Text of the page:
But why are so many considering switching from the market leader now when the problems cited have been around nearly half a decade? For the most part it has to do with the alternatives finally reaching feature parity with VMware when it comes to base level functionality. For the longest time VMware was the only one that was capable of doing live migrations between hosts with technology they called vMotion. Xen caught up quickly but their lack of Windows support meant that it saw limited use in corporate environments, even after the support was added in shortly after. Hyper-V on the other hand struggled to get it working only releasing it with Server 2008 R2. With Windows 2003 and XP now on the way out many IT shops are now looking to upgrade to 2008 R2 and that’s when they notice the capabilities of Hyper-V.
Strictly speaking though I’d say that whilst there’s a good few people considering making the jump from VMware to another hypervisor the majority are only doing so in order to get a better deal out of VMware. Like any business arrangement the difference between the retail price and the actual price anyone pays is quite large and VMware is no exception to this rule. I’ve seen quite a few decision makers wave the Hyper-V card without even the most rudimentary of understanding of what it’s capabilities are, nor any concrete plans to put it in motion. There’s also the fact that if you’re based on VMware now and you switch to another platform you’re going to have to make sure all your staff are retrained with the new product, a costly and time consuming exercise. So whilst the switch from VMware may look like the cheaper option if you just look at the licensing there’s a whole swath of hidden and intangible costs that need to be taken into consideration.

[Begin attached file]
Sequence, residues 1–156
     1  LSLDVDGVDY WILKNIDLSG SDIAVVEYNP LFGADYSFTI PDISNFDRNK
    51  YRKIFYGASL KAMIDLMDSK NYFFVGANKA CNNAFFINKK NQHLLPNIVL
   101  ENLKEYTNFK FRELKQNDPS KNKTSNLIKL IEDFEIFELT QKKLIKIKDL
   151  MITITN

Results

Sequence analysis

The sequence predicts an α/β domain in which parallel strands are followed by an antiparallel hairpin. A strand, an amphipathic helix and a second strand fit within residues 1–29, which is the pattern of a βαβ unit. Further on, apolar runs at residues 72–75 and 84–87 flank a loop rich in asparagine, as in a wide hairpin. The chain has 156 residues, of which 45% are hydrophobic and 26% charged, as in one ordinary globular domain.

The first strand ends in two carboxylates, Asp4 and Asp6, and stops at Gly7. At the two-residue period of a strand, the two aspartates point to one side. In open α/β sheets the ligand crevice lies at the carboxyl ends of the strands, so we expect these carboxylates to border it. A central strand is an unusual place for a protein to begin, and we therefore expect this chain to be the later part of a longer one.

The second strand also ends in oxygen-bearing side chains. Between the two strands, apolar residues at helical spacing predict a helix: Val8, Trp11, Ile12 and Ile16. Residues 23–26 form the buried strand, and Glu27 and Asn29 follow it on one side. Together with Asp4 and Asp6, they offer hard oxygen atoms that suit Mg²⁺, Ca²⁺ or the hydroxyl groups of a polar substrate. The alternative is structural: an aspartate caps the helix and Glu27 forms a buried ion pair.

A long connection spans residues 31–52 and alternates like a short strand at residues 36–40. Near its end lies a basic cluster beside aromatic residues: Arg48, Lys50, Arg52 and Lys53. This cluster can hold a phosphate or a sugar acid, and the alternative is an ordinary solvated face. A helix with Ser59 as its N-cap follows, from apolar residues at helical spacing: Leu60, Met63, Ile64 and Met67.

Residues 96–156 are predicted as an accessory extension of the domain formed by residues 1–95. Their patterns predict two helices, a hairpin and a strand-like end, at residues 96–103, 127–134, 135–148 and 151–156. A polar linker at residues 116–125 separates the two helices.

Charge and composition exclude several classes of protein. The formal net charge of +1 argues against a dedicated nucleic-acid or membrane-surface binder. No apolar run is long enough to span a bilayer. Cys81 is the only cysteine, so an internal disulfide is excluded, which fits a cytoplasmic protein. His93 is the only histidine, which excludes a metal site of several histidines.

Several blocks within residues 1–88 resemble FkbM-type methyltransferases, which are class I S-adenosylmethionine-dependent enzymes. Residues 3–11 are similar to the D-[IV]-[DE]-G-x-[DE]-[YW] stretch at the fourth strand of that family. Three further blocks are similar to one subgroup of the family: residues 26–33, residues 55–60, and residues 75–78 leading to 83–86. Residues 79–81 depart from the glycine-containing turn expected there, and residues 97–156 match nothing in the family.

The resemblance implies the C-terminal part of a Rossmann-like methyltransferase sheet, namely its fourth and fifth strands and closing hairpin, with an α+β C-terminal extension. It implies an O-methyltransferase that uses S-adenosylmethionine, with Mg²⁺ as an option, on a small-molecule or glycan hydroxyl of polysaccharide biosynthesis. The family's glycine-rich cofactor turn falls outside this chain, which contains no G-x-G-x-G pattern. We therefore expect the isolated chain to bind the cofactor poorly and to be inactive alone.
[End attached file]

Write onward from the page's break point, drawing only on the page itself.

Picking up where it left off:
So with that all said is VMware staring down the barrel of a inevitable demise? I don’t believe so, their market capture and product lead means that they’ve got a solid advantage over everyone in the market. Should the other hypervisors begin eating away at their market share they have enough of a lead to be able to react in time, either by significantly reducing their prices or simply innovating their way ahead again. I will be interested to see how these figures shape up in say 3/9/12 months from now to see if those 38%ers made good on their pledge to change platforms but I’m pretty sure I know the outcome already.
It’s been almost two years since I posted my very first thoughts on the issue of game censorship and back then it was really only an issue because of the impending Internet filter that was threatening to turn Australia into an Internet back water. Thankfully the Internet filter hasn’t yet come to be (although it seems Conroy is still committed to the idea) and the barriers that once stood between the Australian gamers and titles deemed unfit for people half their age have started to come crumbling down. There’s even the possibility of the classification system getting a complete overhaul to do away with the disjunct between states and territories, something which will be beneficial for all Australians.